Better.com CEO Vishal Garg accused of fraud, hostile workplace

Mortgage startup valued at $4B after raising $200M this month

National /
Nov.November 20, 2020 11:30 AM
Better.com CEO Vishal Garg (Photo via Better.com)

Better.com CEO Vishal Garg (Photo via Better.com)

Mortgage originator Better.com is one of the most buzzed-about startups, and was recently valued at $4 billion.
But CEO Vishal Garg is a volatile leader ensnared in a rash of lawsuits alleging financial mismanagement and worse, according to a new report.

Garg, 42, is accused of improper management of funds at several prior startups, including as much as “tens of millions of dollars,” Forbes reported. Some of the allegedly mismanaged money went to starting Better.com.

Founded in 2014, New York-based Better.com is trying to digitize home loans. Covid-19 has accelerated demand for its product, and since March, the company has hired 2,000 employees. It’s now on track to generate $800 million in revenue this year and is rumored to be eying an IPO.

But Garg’s legal woes could present a challenge to a public offering. Goldman Sachs, which invested in Better.com, accused entities controlled by Garg of “flagrant self-dealing,” Forbes said. And while the bank dropped its legal claims in October, Garg is still facing accusations by PIMCO that startups he controlled siphoned off money owed to investors.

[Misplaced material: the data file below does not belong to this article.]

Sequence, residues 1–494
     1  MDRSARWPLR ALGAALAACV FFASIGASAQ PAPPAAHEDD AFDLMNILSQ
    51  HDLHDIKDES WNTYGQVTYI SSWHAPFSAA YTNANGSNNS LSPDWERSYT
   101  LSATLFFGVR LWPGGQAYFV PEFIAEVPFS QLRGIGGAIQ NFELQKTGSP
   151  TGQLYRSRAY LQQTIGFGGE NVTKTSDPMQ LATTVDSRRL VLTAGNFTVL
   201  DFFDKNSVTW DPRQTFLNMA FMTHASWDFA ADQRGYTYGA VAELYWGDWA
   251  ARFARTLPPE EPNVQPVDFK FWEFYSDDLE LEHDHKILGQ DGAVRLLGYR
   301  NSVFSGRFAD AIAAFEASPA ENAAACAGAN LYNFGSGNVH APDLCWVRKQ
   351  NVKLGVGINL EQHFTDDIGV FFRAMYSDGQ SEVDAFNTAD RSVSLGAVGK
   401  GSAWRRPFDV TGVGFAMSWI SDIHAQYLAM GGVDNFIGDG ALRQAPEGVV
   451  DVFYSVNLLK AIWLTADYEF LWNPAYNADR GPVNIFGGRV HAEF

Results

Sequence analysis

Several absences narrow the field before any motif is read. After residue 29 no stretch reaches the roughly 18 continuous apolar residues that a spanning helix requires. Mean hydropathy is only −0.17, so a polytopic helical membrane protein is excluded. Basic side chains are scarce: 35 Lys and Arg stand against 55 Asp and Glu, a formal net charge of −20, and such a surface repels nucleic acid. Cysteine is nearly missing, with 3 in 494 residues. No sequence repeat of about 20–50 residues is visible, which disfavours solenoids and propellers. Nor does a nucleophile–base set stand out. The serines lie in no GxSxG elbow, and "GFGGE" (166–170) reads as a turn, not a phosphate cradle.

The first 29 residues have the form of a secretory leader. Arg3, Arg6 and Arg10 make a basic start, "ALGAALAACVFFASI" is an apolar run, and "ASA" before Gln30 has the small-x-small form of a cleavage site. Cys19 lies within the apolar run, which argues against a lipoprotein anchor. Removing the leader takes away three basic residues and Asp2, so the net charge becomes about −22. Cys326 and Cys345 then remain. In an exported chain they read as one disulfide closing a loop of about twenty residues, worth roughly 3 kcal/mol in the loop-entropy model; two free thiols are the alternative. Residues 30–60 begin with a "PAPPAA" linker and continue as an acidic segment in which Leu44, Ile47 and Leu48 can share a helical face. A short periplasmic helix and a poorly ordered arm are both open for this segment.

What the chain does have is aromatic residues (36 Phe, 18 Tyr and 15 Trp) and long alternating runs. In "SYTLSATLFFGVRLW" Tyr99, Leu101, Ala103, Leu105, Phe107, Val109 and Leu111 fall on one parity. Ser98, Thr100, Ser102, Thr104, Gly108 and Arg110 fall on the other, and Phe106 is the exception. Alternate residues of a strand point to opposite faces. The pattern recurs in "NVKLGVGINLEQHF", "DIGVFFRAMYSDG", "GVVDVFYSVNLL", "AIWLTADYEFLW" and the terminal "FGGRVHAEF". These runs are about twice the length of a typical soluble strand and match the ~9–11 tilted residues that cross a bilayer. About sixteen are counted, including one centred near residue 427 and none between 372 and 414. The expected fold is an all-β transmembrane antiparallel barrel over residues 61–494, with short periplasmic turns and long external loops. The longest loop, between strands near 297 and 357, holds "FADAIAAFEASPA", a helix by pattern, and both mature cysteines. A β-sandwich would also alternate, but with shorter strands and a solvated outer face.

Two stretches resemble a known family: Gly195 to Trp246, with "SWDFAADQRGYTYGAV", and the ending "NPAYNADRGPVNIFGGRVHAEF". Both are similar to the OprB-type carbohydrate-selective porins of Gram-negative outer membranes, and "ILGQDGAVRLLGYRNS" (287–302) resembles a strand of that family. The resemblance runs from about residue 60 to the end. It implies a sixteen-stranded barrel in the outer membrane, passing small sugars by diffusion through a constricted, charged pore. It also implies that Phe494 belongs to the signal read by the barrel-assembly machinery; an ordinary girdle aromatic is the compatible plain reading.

Meanwhile, Garg has been battling a former business partner and friend, Raza Khan, who claims Garg transferred $3 million from a joint business to his personal bank account, and used that money to launch Better.com. Garg denied the claim in a countersuit. But in a deposition, things grew so heated Garg threatened to burn Khan alive. Garg later apologized for letting his emotions get “out of control.”

A spokesperson for Better.com called the accusations “baseless,” and said “lawsuits are an unfortunate fact of life for successful startups and their CEOs.”

Former employees described a harsh work environment where Garg chastised managers who only worked eight-hour days. “You are TOO DAMN SLOW,” he wrote in an email that was obtained by Forbes. “You are a bunch of DUMB DOLPHINS and … DUMB DOLPHINS get caught in nets and eaten by sharks. SO STOP IT.”

[Forbes] — E.B. Solomont


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